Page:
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Old-Fashioned Root Beer Float Cake with Creamy Root Beer Float Mousse Filling

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Summer isn’t over yet! Not even close! But it sure is flying by fast, is it for you, too? Wow! We had a nice break of cool weather there for a bit, but now it’s getting hot and humid again and we needed something to cool us off! This icebox-cold, creamy-dreamy, old-fashioned root beer float cake idea came out amazingly spectacular! And was the perfect Grand Finale to our Fried Chicken Dinner Week! I used 2 very old recipes, doctored them up a bit, and combined them all into one phenomenal double-layer cake with a fluffy “frosting” of Cool Whip! Both of these recipes were jotted down many years ago and I’m not sure of the original sources of either one. I’m pretty sure at least one of them came out of Taste of Home magazine, but I don’t know if the person who sent it in came up with it themselves. The second part was actually a pie recipe that said, in my own hand-writing, that it “didn’t set up well and had to be frozen overnight to get it sliceable”. So, if anyone knows the original sources of either of these, please let me know so I can provide an update and give proper credit! 

Ok, with all of that out of the way, I do believe I at least deserve an ounce or two of credit for making both taste a whole lot better and combining both parts into a dessert that you won’t soon forget! Ever! The first thing I need to tell you though, is that this is not a cake that would transport well. As a matter of fact, don’t even consider trying to make it further than the fridge to the table. Some things transport well, some things don’t. This does not. It also requires to be refrigerated at all times. Only remove cake to slice pieces and then refrigerate again to keep the filling and Cool Whip nice and chilled. Once pieces are sliced onto serving plates though, it can sit for awhile no problem. The cake just has to be quite cold to be able to slice properly is all.

So let’s get started! You’ll need to make the filling first so it can freeze. I took my time and did the whole filling/cake process in two days as to not rush anything and that worked out beautifully. I recommend that you do the same, although, if you made the filling early in the morning and the cake in the afternoon, you can probably squeeze it all in. *Both parts are very easy, but the filling does need to be frozen, and the cake completely cooled to be able to assemble. So just simply keep that in mind time-wise. Now, all we do for the filling is beat most of the ingredients on a low at first, then med-low speed so it doesn’t splatter, until it thickens a bit…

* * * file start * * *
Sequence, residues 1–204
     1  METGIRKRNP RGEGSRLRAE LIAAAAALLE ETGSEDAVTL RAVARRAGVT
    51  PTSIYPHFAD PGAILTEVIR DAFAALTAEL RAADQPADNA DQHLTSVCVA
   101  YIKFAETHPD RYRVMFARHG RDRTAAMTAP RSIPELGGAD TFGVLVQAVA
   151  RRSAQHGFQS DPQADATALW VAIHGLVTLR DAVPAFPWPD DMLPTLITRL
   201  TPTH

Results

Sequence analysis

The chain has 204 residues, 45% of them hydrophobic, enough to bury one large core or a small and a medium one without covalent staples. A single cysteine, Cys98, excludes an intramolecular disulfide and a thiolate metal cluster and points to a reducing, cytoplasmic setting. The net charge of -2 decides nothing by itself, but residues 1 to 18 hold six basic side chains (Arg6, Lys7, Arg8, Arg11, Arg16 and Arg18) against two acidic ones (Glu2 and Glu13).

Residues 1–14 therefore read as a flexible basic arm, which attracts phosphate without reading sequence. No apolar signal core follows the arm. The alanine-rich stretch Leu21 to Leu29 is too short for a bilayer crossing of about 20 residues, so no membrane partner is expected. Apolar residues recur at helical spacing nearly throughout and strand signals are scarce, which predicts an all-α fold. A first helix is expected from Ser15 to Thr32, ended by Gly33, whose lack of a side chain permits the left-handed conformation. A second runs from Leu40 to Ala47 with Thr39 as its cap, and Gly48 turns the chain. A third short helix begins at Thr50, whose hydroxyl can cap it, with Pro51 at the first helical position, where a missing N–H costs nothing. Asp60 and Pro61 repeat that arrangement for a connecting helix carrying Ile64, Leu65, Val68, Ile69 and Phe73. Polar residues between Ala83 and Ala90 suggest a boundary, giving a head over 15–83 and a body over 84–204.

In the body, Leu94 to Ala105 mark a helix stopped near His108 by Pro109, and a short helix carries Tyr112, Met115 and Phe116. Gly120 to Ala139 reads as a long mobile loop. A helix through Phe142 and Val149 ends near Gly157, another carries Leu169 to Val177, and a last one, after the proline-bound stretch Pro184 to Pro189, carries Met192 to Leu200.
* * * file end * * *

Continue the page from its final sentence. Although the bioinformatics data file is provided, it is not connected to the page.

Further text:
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…then fold in the Cool Whip, gently, until all is incorporated. Easy right? I know!!! Then just spoon it into an 8″ cake pan lined with foil, sprayed, and pop into the freezer! I froze mine overnight. I wanted this to be as solid as possible, especially when trying to take photos at the same time! Then just lift it out from the pan holding on to the excess foil edges, and pop it back into the freezer to keep frozen until ready to assemble. Later, when the cake is made and cooled completely, you’ll just simply peel off the foil! *I had visions of picking ten thousand gazillion bits and pieces of tin foil from it if it stuck! But, nope, it peeled right off no trouble or sticking at all whatsoever. This will be your mousse filling layer in the middle…

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Next is to mix up the cake batter and pour into 2 greased and floured 8″ cake pans…try not to lick the spoon and bowl too much…some of it does have to bake ya know! 😉 

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Though a white cake is used, you’ll notice how beautifully rich the color is after baking due to adding all of the yummy ingredients! Simply gorgeous! The cakes have a nice rise, too! Not overly domed and perfectly done! (WHEW!)

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Let them cool on a rack in the pans for about 15 minutes, then carefully turn out to cool completely…can you just smell them, too??…omg…heaven. Pure heaven… 

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I always, right or wrong, cool my cakes top side-down on racks. And I like to assemble them that way, too. Then you have a nice surface to spread any sauces, fillings, frosting or mousses, etc., in both the middle and on top. I don’t know if this is correct or not, but it always works for me. Especially sauces and jams that need to “seep in”. And both crustier top-sides get softened from being against the plate on the bottom, and filling in the middle (bottom of second layer). So this is how I do it anyways. But I’m no pro!! You can assemble how ever you like, but for this especially, it worked perfectly. Now, we let them cool completely, and assemble with the frozen layer, and pop into the fridge…